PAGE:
As the president of OneTable Fuller, I would like to take a moment to add to the recent article published by the Associated Press, regarding OneTable and Fuller Theological Seminary.
I am extremely grateful to Sarah Parvini, from the Associated Press, for taking the time to profile Fuller, myself, and OneTable, and would like to provide further detail about what makes OneTable unique. Below I hope to convey the the more complete heart, vision, and hope of OneTable and Fuller Theological Seminary who continues to support us as we welcome in those on the margins and without a voice.
OneTable exists as a safe space for all who desire to be a part of the conversation surrounding faith, sexual orientation, and gender identity. We not only welcome all voices, but are convinced that all are needed. We believe, as scripture teaches us, that the body of Christ is made up of many parts, each one dependent on the other (1 Corinthians 12: 12-27). As a community, we are only our most complete when we have the contribution of all our members. To sequester ourselves into uniformity of beliefs and paradigm leaves us anemic in our own formation as humans.
Not only do we have a diverse membership with varying theologies, but the leadership of OneTable consists of what we like to call our Team of Ten. This group of students and alumni represent a spectrum of ideological, sociological, psychological, and theological belief. We don’t just talk about welcoming all voices to the table, we in fact embody it within our own team.
At Fuller, OneTable stands for something different. Something counter-intuitive. We believe that intentionally living in the tension of disagreement is the way of the gospel of Christ. Constructive, non-violent tension has for too long been viewed by society and the church as implausible when relating to the lesbian, gay, bisexual, transgender, queer/questioning (LGBTQ) community. As a wider culture, individual liberties and freedom of speech are seen to be the paragon of American identity, and yet our utopian ideologies have fallen on deaf ears as we simultaneously want everyone to think the way we do.
The article, I believe, did little to bridge gaps of division and polarity, and instead, perpetuated a pervasive notion that Christians and LGBTQ people cannot live in harmony. This statement itself is a misnomer, reducing people to either this OR that, leaving no room for the nuance of human identity.
While we do not lay aside our beliefs and hopes, we hold them with hands and hearts open to becoming more like Christ. Former Fuller president Richard Mouw, in his book Uncommon Decency, speaks of convicted civility as prioritizing relationship over ideological boundary maintenance. We embrace the knowledge that as individuals we do not know all the answers. Additionally, we recognize that our own certainties and convictions can easily become postured as idols in our life. Each of us, with our finite human capacity and intellect, has much to learn. During OneTable gatherings we engage not only scholarship and scripture, but also life experiences as they inform our understanding of God and each other.
With recent political events furthering LGBTQ rights, let us be slow to make declarative statements about others, and quick to engage those voices that are seemingly so different from our own. Broad sweeping generalizations strip individuals of their nuanced humanity. This conversation is not merely hypothetical or somehow existing in some abstract realm, but it is present in the real embodied lives of those around us. Embodiment is as complex as it is jarring, but it is also so beautiful.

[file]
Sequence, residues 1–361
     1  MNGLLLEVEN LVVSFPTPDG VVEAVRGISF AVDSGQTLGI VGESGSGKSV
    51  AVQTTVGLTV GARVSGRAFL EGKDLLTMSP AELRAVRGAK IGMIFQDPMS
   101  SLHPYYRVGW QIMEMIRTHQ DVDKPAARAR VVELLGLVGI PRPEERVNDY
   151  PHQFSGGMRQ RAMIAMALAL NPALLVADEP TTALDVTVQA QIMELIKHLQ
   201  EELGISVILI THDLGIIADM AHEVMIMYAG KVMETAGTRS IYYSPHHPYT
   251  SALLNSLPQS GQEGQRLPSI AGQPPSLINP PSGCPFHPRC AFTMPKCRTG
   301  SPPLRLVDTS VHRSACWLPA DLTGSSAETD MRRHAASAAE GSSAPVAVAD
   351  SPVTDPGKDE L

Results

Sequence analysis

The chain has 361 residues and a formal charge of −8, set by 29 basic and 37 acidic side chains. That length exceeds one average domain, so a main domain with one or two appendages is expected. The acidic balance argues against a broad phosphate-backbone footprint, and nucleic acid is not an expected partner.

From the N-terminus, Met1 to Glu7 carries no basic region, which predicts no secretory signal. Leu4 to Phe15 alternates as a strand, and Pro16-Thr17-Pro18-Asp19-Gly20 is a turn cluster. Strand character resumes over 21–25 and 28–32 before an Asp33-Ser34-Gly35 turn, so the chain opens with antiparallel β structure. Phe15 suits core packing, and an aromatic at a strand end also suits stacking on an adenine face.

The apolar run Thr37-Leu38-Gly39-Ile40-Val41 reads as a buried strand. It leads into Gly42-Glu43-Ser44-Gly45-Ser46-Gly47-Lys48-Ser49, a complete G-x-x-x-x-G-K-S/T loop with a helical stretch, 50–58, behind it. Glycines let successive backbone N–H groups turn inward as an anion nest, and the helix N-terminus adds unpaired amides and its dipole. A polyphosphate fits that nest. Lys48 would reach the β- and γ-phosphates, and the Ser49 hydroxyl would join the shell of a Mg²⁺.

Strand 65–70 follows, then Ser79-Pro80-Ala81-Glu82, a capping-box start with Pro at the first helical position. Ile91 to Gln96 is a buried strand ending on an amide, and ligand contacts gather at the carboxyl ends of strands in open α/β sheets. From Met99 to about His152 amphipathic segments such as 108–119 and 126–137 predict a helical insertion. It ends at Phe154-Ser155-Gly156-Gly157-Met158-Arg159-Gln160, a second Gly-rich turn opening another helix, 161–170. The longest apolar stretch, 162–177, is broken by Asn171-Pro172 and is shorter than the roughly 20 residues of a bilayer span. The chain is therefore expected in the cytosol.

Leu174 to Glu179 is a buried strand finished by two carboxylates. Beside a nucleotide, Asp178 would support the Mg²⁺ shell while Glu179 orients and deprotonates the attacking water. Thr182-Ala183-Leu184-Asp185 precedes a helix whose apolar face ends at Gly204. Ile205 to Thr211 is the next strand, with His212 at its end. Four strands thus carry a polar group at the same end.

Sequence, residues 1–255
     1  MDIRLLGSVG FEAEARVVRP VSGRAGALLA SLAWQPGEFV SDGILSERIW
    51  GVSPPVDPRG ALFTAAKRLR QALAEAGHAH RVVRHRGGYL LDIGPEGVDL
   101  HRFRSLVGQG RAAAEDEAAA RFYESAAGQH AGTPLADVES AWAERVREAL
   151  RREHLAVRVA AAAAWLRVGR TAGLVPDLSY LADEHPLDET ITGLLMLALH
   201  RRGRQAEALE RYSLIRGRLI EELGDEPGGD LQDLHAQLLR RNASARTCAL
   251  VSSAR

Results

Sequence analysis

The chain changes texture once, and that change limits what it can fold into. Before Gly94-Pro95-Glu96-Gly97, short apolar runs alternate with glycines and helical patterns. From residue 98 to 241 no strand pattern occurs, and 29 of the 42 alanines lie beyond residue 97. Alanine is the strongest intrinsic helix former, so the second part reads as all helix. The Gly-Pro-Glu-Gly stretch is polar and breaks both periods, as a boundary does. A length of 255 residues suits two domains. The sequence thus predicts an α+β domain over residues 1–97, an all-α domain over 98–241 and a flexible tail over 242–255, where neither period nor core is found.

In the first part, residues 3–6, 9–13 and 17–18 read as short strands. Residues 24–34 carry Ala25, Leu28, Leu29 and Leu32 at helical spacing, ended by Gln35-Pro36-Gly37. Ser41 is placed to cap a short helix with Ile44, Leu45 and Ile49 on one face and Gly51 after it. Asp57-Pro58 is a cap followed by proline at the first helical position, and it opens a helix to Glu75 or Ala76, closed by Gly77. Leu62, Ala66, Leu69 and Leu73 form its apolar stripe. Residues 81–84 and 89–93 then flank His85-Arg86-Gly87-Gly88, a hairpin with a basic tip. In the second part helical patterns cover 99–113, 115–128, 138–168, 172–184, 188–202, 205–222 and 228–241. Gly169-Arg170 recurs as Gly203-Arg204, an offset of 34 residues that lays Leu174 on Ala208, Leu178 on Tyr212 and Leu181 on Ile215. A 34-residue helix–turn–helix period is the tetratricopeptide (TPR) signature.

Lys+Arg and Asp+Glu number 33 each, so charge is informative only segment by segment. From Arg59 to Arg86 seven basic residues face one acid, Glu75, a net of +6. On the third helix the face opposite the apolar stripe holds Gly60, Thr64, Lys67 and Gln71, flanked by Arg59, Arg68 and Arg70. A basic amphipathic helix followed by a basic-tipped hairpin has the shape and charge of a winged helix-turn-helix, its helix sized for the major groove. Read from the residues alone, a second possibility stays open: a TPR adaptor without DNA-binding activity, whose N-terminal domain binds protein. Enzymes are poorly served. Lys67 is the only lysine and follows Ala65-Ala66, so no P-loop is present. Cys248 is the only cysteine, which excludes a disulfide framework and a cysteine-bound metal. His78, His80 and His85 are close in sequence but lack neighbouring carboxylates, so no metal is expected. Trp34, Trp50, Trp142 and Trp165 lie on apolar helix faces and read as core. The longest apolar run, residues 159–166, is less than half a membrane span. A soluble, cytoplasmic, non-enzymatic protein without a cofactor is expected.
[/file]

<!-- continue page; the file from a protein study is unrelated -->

Matthew 22 and Deuteronomy 6 both tell us to seek God first and Love our neighbor as ourself. This is the heart of OneTable. With as much effort as we put into securing our own needs, desires, and comforts, we ought to seek the welfare and thriving of not only our friends and family, but the stranger on the corner, the jerk at the office, the gay who hates the conservative Christian, and the conservative Christian who hates the gay. Matthew 7 reminds us that unfairly critical attitudes towards others, combined with a naive lack of self-criticism, threatens to disrupt close-knit communities such as that of Jesus’ first disciples. The only way to embody this sermon is to seek the way of the cross (Philippians 2) – dying to self in order that another may find life. Easy to say, hard to do.
It is only through relationship that our members have the permission to challenge one another’s theology and ideology. This is a critical component of dialogue that often gets looked over, especially in the church. In our desire to defend God’s truth, we are quick to point out the sin in the lives of others and neglect taking a fine-toothed comb to our own piety and self-sufficiency. We all fall victim to this, yet we must recognize it is only through the power of the Spirit that lives are truly impacted and changed. Strong arming someone into my own beliefs only further drives a wedge of hostility and distrust. OneTable believes that when we encounter one another at the table, sharing a meal and sharing conversation, it is exponentially more difficult to demonize.
I am grateful to Fuller administration, faculty, and staff for their ongoing support of OneTable. Fuller continues to demonstrate a posture of gracious spaciousness and living in the tension. We at OneTable believe in the administration of Fuller to seek shalom in the wider community of Fuller, in both word and deed. It is the challenge of OneTable to embed this dialogue into the lives, conversations, ministries, and communities present at Fuller. As a gay student I came to Fuller under the current policy, wanting to engage in the larger dialogue.
Today’s conversation does not end here, but lives on in the real lives of you and me. Please join OneTable this coming year as we continue to seek God and engage one another in tangible, hospitable ways.